Not to be outdone in the game of racial stereotyping one-upmanship, Nigel Farage took things one step further with his Breaking Point poster. Standing smugly in front of an image of non-white migrants and refugees, ‘queuing up’ to come to the UK (this picture was actually taken in Slovenia), with a caption reading: ‘we must break free and take back control.’ The picture creates racial hatred because it tells the public that immigrants only look a certain way, that immigrants are never white. The consequences are that those who are non-white, but British, are looked at through the same lens as those on the poster, an unwelcome visitor intent on ruining the nation. This awful image, illustrated that UKIP’s priority was xenophobia and even took a step towards a ‘racial cleansing’ of British society. It’s not surprising that the hashtags #proudchildofanimmigrant and #proudtobeanimmigrant appeared in full force on Twitter, used by people of colour who were determined to prove that they are positive contributors to our nation. However, nobody should ever have been put in a position where they felt compelled to prove that.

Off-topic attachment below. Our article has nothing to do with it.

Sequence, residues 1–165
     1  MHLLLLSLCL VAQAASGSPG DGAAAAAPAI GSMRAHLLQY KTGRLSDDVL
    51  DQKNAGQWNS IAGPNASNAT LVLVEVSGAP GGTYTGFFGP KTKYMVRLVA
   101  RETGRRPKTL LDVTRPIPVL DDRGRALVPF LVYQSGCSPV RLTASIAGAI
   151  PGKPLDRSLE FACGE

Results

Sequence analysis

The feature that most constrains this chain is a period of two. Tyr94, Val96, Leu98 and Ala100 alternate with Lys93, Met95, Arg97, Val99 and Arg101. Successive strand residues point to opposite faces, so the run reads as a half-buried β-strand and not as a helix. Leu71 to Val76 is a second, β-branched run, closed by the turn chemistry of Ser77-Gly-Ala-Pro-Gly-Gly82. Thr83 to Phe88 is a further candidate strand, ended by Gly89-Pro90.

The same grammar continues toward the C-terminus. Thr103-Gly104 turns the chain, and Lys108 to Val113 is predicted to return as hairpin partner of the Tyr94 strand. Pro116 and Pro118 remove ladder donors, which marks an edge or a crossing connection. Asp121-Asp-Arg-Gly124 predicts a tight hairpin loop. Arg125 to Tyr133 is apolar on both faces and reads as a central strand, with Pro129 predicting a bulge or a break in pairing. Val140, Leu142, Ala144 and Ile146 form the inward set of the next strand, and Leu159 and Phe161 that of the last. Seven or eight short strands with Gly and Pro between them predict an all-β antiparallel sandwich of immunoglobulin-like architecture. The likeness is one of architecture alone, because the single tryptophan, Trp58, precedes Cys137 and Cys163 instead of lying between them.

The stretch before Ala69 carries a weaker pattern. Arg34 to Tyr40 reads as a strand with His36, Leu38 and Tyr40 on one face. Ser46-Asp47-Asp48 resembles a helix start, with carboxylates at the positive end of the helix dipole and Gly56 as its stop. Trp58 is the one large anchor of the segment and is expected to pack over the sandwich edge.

It’s not just the words of politicians which gave the impression that British people of colour weren’t accepted in this country. It was the reaction non-white-British citizens received when they tried to start dialogues or engage in national debates about the referendum. When podcast host and blogger, Imriel Morgan challenged Nigel Farage’s policy to protect British people of colour if we decided to leave EU, she was met by a shocking wave of online racist backlash, where she was branded the ‘face of racism in Britain’.

‘After being publicly chastised, ridiculed and tormented by people who failed to listen or hear my concerns. I'm pretty disillusioned,’ says Imriel.
‘I think after my encounter with Farage, it's pretty clear that Brexit have no interest in listening to how minorities feel or that they are damaging their communities. I almost didn't vote because both sides failed to address issues within our communities. I voted remain because I don't want to risk having the UK turn into 1940s Germany.’